Why doesn't the vacuum of space rip apart the earth?

Discussion in 'Digital Photography' started by Gregory L. Hansen, Apr 1, 2004.

  1. In article <406C373C.23871.38F80AC@localhost>, <> wrote:
    >If nature abhors a vacuum why doesn't space tear the earth apart into
    >little pieces
    >to equalize the pressure?
    >



    Because gravity sucks too hard.

    --
    "'No user-serviceable parts inside.' I'll be the judge of that!"
     
    Gregory L. Hansen, Apr 1, 2004
    #1
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  2. Gregory L. Hansen

    Uncle Al Guest

    wrote:
    >
    > If nature abhors a vacuum why doesn't space tear the earth apart into little pieces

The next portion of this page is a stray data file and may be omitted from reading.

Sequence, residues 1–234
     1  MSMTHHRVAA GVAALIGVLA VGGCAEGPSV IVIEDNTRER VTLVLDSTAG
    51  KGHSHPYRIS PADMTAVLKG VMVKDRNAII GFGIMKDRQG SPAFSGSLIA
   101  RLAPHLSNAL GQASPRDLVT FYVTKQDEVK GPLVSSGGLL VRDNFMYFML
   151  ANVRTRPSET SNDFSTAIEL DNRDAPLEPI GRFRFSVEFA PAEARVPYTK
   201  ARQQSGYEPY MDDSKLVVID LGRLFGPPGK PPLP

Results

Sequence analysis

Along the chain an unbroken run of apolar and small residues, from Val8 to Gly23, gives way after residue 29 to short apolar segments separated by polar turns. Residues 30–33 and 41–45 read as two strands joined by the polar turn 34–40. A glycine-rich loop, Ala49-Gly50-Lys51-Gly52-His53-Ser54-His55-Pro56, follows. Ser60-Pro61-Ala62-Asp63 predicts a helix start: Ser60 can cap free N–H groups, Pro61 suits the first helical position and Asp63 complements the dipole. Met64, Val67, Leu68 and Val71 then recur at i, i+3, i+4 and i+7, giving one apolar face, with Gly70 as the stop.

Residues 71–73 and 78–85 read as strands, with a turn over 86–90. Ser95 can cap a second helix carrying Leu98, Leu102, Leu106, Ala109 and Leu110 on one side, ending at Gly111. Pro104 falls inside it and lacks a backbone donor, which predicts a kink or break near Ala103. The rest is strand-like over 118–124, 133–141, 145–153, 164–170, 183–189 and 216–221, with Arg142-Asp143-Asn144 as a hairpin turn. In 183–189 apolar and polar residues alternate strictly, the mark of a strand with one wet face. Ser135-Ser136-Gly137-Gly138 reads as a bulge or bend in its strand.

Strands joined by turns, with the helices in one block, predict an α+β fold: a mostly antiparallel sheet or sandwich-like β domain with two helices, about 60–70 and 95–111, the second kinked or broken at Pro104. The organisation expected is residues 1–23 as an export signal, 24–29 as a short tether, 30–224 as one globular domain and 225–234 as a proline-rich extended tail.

> to equalize the pressure?


    Invalid assumptions plus invalid processes plus general ignorance give
    invalid conclusions. You qualify as a Liberal or a priest but not as
    a scientist.

    FALLACIES

    Non sequitur: A conclusion that does not follow logically from the
    premise. We've piled up $5.4 trillion in debt; we'd better institute
    term limits.

    Hasty generalization: Jumping to conclusions before considering
    alternative information. We ran a deficit again last year; we're
    still borrowing to pay entitlements.

    Stereotyping: Generalizing from a small sample. We need to shut down
    the border; our welfare rolls are already too large.

    Either-or thinking (aka: False dilemma): Ignores other relevant
    alternatives. We've got to make the tough decision: raise taxes or
    cut spending.

    "Post hoc, ergo propter hoc" (Latin for: "after this, therefore
    because of this"): Assuming that A caused B, simply because B
    followed A. There's been an eclipse just before every stock market